Sunday, October 22, 2006

The Departed

The third film in the last five years pairing legendary director Martin Scorsese and Leonardo DiCaprio, The Departed at last offers the exhilarating pay-off worthy of the Scorsese/De Niro collaborations of years past. Gangs of New York and The Aviator had their moments. Both were above-average pieces of filmmaking. Maybe just too epic, too dry and historical. But I'm here to tell you that the third time's the charm, because this is what I've been waiting for. The Departed, which I saw Saturday night, is the Scorsese of old. The legendary director returns to a recipe that has worked so well for the man. The ingredients: urban, immigrant neighborhoods populated by criminals who commit unrelenting violence, curse with amazing creativity and typically carry some hefty Catholic guilt. This time around the source material is the hit Hong Kong film Infernal Affairs and the translation has not been lost.

The acting is superb across the board. Jack is Jack. He damn near falls into caricature with his role as the devilishly violent Boston crime boss Frank Costello. He may chew the scenery but don't tell me it isn't fun to watch. Matt Damon and Leonardo are both fantastic. I have come to expect great acting from Matt Damon but I had forgotten that Leo had the chops. This is his film and he carries it all the way through, bringing a fiery intensity to the man of Billy Costigan, a cop deeply undercover within Frank Costello's crew. The supporting cast is filled with great actors and roles, but none more entertaining than the twosome of Alec Baldwin and Mark Wahlberg. They play a pair of intense and enthusiastic police with some of the best lines in the film, save those of Jack's of course.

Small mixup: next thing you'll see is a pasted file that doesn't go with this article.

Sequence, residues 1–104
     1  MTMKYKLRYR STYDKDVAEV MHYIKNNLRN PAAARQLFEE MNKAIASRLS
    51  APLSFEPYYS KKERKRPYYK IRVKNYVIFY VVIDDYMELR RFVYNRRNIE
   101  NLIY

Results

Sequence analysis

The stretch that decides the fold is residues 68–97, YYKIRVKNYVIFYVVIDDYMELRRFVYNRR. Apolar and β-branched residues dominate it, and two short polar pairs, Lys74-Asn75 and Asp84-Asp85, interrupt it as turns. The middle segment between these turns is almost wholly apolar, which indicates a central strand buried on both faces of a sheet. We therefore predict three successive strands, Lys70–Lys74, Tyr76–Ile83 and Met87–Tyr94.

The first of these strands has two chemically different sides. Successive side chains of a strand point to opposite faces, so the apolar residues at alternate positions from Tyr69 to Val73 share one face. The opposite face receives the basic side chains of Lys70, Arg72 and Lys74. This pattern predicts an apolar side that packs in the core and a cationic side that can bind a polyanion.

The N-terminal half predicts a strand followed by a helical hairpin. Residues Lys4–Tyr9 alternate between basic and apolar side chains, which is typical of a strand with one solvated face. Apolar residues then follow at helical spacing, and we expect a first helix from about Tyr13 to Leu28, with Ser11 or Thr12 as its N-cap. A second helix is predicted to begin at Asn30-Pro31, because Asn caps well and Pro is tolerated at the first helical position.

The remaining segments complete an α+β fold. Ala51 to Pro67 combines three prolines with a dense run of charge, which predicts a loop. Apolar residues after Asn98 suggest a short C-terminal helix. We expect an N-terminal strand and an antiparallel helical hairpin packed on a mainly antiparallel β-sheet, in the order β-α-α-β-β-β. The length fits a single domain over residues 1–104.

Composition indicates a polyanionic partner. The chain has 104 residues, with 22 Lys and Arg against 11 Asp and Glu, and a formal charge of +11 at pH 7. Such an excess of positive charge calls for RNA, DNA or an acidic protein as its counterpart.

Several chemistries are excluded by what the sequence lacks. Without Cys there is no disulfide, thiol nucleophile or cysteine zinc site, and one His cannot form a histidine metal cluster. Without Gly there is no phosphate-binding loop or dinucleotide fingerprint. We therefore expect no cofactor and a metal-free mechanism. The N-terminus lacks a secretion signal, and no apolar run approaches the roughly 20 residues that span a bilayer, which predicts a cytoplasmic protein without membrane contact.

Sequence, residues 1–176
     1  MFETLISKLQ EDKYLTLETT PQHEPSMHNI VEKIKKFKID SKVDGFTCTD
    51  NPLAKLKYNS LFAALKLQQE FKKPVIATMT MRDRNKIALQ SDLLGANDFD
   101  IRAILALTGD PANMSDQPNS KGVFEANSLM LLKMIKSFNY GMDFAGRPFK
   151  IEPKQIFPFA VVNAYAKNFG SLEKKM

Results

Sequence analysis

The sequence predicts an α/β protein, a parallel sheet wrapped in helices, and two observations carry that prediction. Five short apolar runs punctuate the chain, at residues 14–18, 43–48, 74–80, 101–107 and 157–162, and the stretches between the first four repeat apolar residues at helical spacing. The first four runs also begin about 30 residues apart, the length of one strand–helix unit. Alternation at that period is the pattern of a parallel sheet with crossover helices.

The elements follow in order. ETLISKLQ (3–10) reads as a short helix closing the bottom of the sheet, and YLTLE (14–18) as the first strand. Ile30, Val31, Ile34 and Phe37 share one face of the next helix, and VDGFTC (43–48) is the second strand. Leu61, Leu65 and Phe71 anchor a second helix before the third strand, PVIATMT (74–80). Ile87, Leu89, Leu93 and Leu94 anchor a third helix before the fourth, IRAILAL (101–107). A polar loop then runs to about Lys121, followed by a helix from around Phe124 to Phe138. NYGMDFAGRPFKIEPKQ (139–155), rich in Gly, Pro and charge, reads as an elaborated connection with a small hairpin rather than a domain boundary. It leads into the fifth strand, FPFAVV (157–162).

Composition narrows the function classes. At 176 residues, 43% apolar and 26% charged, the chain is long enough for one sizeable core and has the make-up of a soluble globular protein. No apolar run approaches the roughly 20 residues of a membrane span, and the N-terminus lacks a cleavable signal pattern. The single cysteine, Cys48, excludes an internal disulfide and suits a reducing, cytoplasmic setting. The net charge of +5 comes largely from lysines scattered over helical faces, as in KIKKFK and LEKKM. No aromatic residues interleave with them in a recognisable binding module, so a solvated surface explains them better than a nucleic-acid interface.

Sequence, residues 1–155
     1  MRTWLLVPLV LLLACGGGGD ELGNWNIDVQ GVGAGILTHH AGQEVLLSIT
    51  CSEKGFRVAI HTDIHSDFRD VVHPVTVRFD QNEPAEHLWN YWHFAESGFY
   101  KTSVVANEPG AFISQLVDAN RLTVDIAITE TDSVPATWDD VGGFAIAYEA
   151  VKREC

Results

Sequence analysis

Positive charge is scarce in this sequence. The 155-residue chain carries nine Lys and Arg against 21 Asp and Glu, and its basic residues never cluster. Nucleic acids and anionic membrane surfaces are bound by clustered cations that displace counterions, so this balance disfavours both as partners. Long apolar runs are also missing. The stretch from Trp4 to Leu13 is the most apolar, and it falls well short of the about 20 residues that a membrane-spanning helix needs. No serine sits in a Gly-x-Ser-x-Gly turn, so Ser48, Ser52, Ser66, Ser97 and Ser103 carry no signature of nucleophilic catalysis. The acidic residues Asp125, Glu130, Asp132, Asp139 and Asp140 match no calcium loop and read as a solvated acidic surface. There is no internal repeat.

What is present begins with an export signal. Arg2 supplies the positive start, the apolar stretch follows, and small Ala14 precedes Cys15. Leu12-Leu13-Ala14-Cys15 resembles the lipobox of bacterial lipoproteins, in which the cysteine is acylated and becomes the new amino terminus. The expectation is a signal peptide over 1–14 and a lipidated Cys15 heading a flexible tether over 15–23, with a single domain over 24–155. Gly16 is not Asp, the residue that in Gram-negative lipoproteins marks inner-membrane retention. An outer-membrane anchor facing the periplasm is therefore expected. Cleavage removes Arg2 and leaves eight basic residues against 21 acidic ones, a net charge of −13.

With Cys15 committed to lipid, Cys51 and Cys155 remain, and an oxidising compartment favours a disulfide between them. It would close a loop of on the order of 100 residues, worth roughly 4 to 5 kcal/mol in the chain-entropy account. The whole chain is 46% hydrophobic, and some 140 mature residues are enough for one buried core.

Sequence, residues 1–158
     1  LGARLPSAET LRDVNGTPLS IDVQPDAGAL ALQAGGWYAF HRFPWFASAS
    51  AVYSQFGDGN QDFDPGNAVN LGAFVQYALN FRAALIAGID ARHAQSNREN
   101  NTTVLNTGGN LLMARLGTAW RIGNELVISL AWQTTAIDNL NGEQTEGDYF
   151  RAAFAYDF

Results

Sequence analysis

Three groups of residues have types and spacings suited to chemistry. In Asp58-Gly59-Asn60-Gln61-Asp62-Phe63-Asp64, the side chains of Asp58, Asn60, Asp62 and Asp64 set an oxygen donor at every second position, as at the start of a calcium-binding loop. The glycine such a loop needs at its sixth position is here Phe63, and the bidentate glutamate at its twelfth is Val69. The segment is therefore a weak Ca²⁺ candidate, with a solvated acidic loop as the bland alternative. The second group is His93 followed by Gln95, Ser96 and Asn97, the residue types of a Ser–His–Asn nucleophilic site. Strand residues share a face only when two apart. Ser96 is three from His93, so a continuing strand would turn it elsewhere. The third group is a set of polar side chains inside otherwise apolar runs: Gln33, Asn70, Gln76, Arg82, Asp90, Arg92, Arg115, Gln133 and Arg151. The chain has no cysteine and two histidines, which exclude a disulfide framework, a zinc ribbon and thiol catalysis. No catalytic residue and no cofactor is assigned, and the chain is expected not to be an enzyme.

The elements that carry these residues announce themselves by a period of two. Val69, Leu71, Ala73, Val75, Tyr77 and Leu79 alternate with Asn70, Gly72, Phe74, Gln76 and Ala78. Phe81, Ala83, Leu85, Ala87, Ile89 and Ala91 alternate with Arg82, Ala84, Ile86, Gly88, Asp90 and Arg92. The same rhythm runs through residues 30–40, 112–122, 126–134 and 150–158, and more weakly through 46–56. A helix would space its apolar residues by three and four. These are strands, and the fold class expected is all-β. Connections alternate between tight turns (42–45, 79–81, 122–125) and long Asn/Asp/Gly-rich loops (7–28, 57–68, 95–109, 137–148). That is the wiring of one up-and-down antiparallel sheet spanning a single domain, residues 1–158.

Although the movie is well over two hours, you'd never guess it. The plot is taut and the story fast-paced. Credit goes to the great editing to keep things moving along with such a brisk and intense rhythm. Like all of Scorsese's best films, the use of rock music is excellent featuring The Rolling Stones, John Lennon, Pink Floyd, Dropkick Murphys, etc. Music plays almost constantly from beginning to end and adds a punch to many scenes. The violence is as graphic as hell but shows up only in short, explosive jolts. The film may not be particularly deep or emotionally stirring. You don't walk out of the theater with any sort of insight into these characters and the world they inhabit. So this fact keeps it from rising into the ranks with Scorsese's best work (e.g. Mean Streets, Taxi Driver, Raging Bull, Goodfellas) But all the same, The Departed is a raucous and thrilling film and definitely one of the year's best. Welcome back, Marty.

1 comment:

Jay Flyer said...

Loved to hate Damon and hated to love Leo... both characters were great. All characters were over the top as was the plot which made the whole ensamble great.